Election 2012

Obama wins. Now what?

President Barack Obama

Several bitter months and $6 billion spent on campaigning led to no major changes in leadership in Washington following the Nov. 6 election.

President Barack Obama defeated Republican challenger Mitt Romney, Democrats solidified their control of the U.S. Senate and Republicans easily maintained a majority in the U.S. House of Representatives, though votes are still being counted in a few close individual races. For federal agencies, the obvious next question is: Now what?

Obama’s victory was celebrated by the American Federation of Government Employees and the National Federation of Federal Employees, two large federal employee unions representing a combined 800,000 federal employees.

 “This was a momentous victory for the President,” said William Dougan, National President of NFFE. “Within government, he has taken innovative approaches to improving workforce morale, efficiency, and productivity. We look forward to another four years of working together to find creative solutions to the pressing issues impacting our nation’s workforce, and government.”

The president’s technology-specific plans remain unclear, yet Obama’s victory means there will likely be far less transitional personnel turnover in federal agencies than if voters had elected Romney. That might mean continued improvement of the government’s digital strategies and technology and performance policies, according to Don Moynihan, a fellow at the National Academy of Public Administration.

The future of federal technology policies would have been murkier under Romney, Moynihan said, because the Romney administration “never really talked about technology as an issue.”

“The likelihood is for Obama’s administration to stick with what is in place because he had a hand in designing some current policies,” Moynihan said.

John Kamensky, a senior fellow and associate partner for IBM's Center for The Business of Government, told FCW that broad technology trends are “often times driven by technology and not so much the priorities and policies if incoming presidents.”

“I can’t imagine either person winning would change the initiative to reduce the number of data centers in half,” Kamensky said.

With the election over, the nation faces a fiscal cliff, sequestration and the elephant-in-the-room question of whether Obama and Republicans can work better together than they have over the past two years.  “You elected us to focus on your jobs, not ours,” Obama said in his acceptance speech. “And in the coming weeks and months, I am looking forward to reaching out and working with leaders of both parties to meet the challenges we can only solve together.”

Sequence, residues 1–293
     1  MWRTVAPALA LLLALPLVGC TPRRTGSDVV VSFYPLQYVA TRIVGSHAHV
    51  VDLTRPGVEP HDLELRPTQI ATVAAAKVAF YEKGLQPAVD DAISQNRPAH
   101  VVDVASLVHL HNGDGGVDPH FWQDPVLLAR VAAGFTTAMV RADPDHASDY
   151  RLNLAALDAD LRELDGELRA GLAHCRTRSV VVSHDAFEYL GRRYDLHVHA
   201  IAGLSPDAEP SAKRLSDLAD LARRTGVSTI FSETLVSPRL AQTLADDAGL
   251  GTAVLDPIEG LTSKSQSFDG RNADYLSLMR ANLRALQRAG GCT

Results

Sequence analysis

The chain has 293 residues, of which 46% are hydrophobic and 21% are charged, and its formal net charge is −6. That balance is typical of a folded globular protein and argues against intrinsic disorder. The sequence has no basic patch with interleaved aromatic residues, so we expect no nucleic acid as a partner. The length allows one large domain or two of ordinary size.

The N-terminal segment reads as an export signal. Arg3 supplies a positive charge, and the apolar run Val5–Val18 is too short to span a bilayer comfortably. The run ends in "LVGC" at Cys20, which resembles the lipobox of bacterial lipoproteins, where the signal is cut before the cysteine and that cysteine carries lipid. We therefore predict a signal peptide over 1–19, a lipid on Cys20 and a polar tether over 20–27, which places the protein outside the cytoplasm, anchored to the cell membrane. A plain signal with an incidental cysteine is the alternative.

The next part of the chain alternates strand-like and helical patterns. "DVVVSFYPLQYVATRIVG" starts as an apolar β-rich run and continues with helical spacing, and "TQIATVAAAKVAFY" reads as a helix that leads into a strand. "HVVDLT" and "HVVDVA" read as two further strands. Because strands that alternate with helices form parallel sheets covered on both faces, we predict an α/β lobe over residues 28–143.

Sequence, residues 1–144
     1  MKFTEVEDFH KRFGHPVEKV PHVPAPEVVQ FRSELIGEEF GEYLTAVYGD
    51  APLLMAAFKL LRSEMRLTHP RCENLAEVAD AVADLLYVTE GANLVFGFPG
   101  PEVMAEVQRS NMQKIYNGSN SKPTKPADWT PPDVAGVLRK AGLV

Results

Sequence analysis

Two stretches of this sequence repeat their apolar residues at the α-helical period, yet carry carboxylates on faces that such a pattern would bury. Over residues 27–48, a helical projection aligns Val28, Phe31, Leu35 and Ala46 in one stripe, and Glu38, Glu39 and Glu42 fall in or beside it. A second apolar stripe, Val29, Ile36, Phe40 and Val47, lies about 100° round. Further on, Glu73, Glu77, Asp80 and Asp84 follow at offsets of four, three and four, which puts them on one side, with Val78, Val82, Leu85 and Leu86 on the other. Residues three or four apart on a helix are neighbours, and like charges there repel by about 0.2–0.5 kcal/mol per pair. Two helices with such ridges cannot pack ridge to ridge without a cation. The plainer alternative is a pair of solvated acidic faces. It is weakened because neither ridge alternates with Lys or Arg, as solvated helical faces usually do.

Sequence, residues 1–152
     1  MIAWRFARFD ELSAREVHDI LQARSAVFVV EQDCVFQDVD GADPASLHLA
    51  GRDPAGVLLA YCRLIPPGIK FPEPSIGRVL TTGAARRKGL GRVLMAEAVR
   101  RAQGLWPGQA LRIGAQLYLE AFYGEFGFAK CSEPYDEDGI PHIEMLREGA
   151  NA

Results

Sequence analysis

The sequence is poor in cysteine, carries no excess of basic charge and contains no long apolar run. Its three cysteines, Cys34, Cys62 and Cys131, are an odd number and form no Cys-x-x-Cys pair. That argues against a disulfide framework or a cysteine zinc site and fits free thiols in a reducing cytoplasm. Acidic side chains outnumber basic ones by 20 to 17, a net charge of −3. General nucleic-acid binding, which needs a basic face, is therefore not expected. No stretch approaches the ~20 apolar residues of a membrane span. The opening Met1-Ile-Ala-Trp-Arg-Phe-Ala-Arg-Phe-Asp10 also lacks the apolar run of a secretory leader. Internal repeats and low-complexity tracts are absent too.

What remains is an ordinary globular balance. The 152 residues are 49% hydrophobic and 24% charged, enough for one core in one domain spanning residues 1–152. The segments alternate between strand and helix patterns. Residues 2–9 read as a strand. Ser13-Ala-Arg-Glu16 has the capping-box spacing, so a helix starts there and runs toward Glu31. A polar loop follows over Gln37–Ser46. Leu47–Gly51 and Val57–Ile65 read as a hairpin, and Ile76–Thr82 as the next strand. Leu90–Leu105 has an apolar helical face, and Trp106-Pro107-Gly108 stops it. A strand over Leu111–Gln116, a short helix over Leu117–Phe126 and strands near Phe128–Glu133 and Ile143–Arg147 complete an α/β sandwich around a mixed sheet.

Whether any ground is gained on these issues during the lame duck session, which is slated to start Nov. 13, is unclear. House Speaker John Boehner (R-Ohio) told CNN on Nov. 4, that “lame-duck Congresses aren’t known for doing big things and probably shouldn’t do big things.”

Following Obama’s election win, however, Boehner said both parties have to “find common ground and take steps together to help our economy grow and create jobs, which is critical to solving our debt.”

Senate Minority Leader Mitch McConnell’s post-election statements were less rosy, suggesting the president needed to “step up” to work with Congress.

"Now it's time for the president to propose solutions that actually have a chance of passing the Republican-controlled House of Representatives and a closely divided Senate, step up to the plate on the challenges of the moment, and deliver in a way that he did not in his first four years in office,” McConnell said in a written statement. "To the extent he wants to move to the political center, which is where the work gets done in a divided government, we'll be there to meet him half way."

 

About the Author

Frank Konkel is a former staff writer for FCW.

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